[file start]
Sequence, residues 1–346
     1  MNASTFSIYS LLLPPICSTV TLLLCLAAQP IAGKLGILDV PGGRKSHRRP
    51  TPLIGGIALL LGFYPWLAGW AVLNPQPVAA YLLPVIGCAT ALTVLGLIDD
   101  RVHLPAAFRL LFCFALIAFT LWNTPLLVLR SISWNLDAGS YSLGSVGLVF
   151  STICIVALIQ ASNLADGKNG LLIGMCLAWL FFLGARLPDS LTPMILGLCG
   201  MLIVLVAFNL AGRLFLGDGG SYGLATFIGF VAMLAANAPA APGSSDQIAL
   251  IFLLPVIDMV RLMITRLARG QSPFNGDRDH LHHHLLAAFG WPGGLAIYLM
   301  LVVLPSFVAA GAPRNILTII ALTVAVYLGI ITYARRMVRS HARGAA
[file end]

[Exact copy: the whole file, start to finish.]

Sequence, residues 1–346
     1  MNASTFSIYS LLLPPICSTV TLLLCLAAQP IAGKLGILDV PGGRKSHRRP
    51  TPLIGGIALL LGFYPWLAGW AVLNPQPVAA YLLPVIGCAT ALTVLGLIDD
   101  RVHLPAAFRL LFCFALIAFT LWNTPLLVLR SISWNLDAGS YSLGSVGLVF
   151  STICIVALIQ ASNLADGKNG LLIGMCLAWL FFLGARLPDS LTPMILGLCG
   201  MLIVLVAFNL AGRLFLGDGG SYGLATFIGF VAMLAANAPA APGSSDQIAL
   251  IFLLPVIDMV RLMITRLARG QSPFNGDRDH LHHHLLAAFG WPGGLAIYLM
   301  LVVLPSFVAA GAPRNILTII ALTVAVYLGI ITYARRMVRS HARGAA